1 tsp baking powder
salt and freshly ground black pepper
145 ml/5 fl oz milk
1 tsp mustard
75 g/2.5 oz cheese, grated (I used emmentaler because I didn't have anything else but I imagine it would be even better with crumbled feta or goat's cheese)
2 egg whites
1 pinch of salt
A knob of unsalted butter

A handful of cherry tomatoes
A few branches of fresh rosemary
3 or 4 tsp curd
1 pinch of salt
Olive oil

Combine flour, baking powder, salt and pepper in a bowl, then add the mustard and the milk to make a smooth batter. Add the grated cheese.

In a separate bowl, whisk the egg whites until soft peaks form. Carefully fold them into the batter.

Heat the oven to 200° C/390° F. Mince the rosemary. Combine oil, half of the rosemary and salt in a small bowl, add the tomatoes and toss until completely coated. Pop them into the oven until they start to crack (roughly 10 minutes).

In the meantime, heat the butter in a frying pan (a very small one would be best since it enables you to keep the blinis neat and tidy). When the butter is hot, add several spoonfuls of batter and smoothe it down. The blinis should be nice and round and about 1-1.5 cm/0.5 inches thick. Fry until the surface starts to bubble and/or the edges start to set, then flip over and fry for another few minutes. Continue until you've used up all the batter (I got two normal-sized and one small blini out of it).

Take the tomatoes out of the oven, put them back into the bowl and smash them with a fork. Add the curd and the remaining rosemary, combine and season to taste.

Put one blini on a plate, spread the tomato curd on top and cover with the second blini.

I had this for high tea with a cup of Yorkshire but it would also make a good supper with a nice glass of red wine, or even a breakfast (without the wine, of course).

15 October 2011

Pear and radicchio pasta in a blue cheese cream sauce

I am a total sucker for pasta with cream sauce. I love it so much that I could happily eat it for supper every other night. Of course, if I did, I'd propably be around 250 pounds by now which is the one and only reason I don't. But every once in a while I give in temptation and make myself a nice, steaming bowl of pasta which I top with a sauce that could fulfill my calorie requirement for several days. My favourites are Carbonara and mushroom cream sauce coated with parsley and parmesan. And since yesterday night, I have a new one.

I came across this recipe (or rather a version of it) on Gourmandises végétariennes, a vegetarian/vegan blog I've been following for over a year. It was love at first sight. Nevertheless, I felt that something about the recipe just wasn't right. Something was missing. I struggled to find out what it was until I remembered a delicious soup I had at my favourite soup restaurant a few weeks ago. A potato, pear and blue cheese soup. And there it was: Blue cheese. I was going to add blue cheese. And much more cream.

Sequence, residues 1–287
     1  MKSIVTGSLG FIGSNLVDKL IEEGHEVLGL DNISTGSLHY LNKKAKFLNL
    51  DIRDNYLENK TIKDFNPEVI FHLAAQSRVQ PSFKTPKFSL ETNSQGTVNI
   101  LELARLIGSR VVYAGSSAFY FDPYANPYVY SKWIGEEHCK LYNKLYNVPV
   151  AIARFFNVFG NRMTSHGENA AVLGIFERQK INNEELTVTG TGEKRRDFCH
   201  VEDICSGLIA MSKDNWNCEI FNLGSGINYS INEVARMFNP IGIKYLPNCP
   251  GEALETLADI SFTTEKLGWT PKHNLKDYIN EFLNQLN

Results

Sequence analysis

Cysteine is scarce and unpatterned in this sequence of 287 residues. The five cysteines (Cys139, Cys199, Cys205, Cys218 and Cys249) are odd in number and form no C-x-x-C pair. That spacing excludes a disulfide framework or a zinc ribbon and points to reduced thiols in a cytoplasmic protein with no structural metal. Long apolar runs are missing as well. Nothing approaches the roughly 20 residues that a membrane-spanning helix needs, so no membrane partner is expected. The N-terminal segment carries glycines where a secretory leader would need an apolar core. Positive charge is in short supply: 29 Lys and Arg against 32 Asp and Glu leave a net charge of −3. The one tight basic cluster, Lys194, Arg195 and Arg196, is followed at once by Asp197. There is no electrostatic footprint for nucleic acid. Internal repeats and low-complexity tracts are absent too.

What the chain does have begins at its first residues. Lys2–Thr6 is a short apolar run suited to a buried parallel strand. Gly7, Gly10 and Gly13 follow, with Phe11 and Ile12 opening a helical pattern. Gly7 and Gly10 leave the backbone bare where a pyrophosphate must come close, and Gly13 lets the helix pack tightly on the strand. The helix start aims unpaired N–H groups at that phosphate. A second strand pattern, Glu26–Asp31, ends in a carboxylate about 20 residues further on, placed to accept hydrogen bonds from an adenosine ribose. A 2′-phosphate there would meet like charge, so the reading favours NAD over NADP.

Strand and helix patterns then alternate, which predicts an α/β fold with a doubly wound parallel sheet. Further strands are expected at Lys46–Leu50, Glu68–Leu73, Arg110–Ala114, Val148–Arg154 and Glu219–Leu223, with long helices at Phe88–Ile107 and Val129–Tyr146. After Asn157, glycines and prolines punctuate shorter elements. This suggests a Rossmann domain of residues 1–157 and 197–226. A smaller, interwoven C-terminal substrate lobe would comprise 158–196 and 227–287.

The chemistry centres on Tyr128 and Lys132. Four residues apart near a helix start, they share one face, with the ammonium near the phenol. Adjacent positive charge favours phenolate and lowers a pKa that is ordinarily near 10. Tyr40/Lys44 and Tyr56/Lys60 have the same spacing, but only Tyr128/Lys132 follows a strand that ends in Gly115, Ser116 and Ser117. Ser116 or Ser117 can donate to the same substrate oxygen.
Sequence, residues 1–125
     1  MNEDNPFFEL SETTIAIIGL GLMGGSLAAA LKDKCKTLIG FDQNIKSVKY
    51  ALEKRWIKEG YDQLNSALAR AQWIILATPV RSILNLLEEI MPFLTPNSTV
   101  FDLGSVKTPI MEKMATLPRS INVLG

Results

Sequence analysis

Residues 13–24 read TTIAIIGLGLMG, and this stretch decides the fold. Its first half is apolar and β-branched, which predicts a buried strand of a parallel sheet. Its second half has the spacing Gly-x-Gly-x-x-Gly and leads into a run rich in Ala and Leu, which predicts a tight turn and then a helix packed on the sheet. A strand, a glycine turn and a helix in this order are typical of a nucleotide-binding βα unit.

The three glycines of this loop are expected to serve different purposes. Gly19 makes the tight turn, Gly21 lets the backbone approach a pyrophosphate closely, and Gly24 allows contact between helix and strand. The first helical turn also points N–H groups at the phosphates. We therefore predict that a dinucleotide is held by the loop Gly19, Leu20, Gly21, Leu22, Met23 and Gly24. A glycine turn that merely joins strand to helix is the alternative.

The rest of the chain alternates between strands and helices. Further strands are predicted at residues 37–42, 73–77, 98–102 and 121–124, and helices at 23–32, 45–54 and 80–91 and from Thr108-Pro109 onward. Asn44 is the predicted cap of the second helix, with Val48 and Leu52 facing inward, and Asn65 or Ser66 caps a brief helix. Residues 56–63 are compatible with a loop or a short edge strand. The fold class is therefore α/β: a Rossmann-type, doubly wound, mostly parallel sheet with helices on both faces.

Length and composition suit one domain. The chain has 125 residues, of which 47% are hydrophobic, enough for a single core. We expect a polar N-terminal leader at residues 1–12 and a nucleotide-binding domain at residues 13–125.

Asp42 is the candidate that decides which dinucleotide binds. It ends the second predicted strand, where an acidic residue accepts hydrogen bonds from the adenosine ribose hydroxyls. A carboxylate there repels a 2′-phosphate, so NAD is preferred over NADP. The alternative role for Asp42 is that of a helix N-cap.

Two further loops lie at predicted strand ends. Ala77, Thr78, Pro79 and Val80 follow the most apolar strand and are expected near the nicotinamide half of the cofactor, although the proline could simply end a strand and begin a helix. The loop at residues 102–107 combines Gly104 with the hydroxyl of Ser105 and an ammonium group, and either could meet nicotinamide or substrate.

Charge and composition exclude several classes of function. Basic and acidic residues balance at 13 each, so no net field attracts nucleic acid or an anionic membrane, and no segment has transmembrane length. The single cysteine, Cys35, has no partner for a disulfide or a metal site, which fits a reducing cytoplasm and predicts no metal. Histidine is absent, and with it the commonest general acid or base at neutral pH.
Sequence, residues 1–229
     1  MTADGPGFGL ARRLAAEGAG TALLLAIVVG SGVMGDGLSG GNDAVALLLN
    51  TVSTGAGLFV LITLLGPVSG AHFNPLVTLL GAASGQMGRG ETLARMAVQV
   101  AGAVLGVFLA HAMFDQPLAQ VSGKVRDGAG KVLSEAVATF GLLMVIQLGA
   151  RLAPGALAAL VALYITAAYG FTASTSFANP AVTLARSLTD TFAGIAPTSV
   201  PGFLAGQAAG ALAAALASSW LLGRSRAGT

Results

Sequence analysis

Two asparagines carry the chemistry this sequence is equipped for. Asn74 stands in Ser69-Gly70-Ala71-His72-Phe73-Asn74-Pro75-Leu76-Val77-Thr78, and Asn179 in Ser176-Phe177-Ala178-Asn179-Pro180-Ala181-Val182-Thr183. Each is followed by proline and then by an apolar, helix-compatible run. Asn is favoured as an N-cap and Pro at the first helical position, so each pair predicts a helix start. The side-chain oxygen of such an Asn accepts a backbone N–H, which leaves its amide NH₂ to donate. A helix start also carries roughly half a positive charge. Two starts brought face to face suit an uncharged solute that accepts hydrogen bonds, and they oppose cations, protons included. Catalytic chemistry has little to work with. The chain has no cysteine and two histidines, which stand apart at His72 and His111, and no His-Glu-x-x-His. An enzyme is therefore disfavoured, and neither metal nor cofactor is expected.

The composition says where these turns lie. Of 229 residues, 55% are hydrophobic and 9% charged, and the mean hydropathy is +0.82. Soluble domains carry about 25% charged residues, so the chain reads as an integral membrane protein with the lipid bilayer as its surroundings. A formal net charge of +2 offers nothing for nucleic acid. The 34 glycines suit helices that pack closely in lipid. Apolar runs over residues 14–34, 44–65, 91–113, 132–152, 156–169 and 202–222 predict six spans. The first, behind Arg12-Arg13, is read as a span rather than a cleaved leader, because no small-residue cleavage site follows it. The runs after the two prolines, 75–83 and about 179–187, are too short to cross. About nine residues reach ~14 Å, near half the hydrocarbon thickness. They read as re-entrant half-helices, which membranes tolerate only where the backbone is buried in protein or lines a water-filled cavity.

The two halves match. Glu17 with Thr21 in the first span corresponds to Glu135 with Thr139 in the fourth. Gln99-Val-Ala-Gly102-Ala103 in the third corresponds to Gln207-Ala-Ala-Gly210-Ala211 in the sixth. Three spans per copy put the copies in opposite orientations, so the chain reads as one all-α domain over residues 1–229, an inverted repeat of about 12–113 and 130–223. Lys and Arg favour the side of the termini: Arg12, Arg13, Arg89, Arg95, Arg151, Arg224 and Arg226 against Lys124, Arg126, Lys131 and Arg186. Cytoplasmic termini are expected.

It may not be the prettiest dish ever, but we all know that you shouldn't judge a book by it's cover. Or a dish by its looks (and please ignore the chipped edge in the bowl).
Unfortunately, you can't see much of the pear in the picture as it's been completely smothered with sauce. But if you squint really hard, you should be able to spot some in the middle. The taste of the pear, however, is very prominent and goes, oh, so well with the radicchio and the blue cheese. This combination of sweet, bitter and savoury-salty is just, there's no other word for it, so yummy! The walnuts taste really walnutty (What a surprise! But really, there are only few things better than toasted walnuts. I love them. I could write songs about them. Love poems. Musicals.) and they add a nice crunchy crunch to the ensemble.

Nuff said. Go ahead and try it yourself.

Pear and radicchio pasta in a blue cheese cream sauce
(inspired by and adapted from Gourmandises végétariennes and my favourite soup restaurant which unfortunately doesn't have a website)

Serves 1 hungry person with some left over to eat cold the next morning (What? You don't like to eat cold pasta for breakfast?)

As much pasta as you want. (I used wholewheat which, I know, doesn't come out in the picture)
Half a small radicchio (about 100 g)
1 handful of walnuts
1 firm pear (mine wasn't that firm anymore but still ok. It shouldn't be too soft though otherwise it will just fall apart)
1 onion, red or white (whichever you prefer)
150 g/5.25 oz cream (maybe a little more)
75 g/2.5 oz Danish Blue (any other strong blue cheese like roquefort or gorgonzola will do as well)
Olive oil

Cook the pasta according to packet instructions.

Wash and spin the radicchio, then chop it. Put aside.

In a searing hot pan, toast the walnuts for a few minutes (without any oil or butter), then put them aside.
Dice the onion and cut the pear into smallish pieces. Sweat the onion in olive oil until translucent, then add the pear. After a few minutes, add the cheese. When half of it has melted, deglaze with cream and turn down the heat. Cook until all the cheese has melted and the sauce has thickened. Gourmandise adds white wine which I left out as I like my sauces rich and thick. However, if you prefer a more runny sauce, add white wine until the sauce has reached the desired consistency. Season with freshly ground pepper.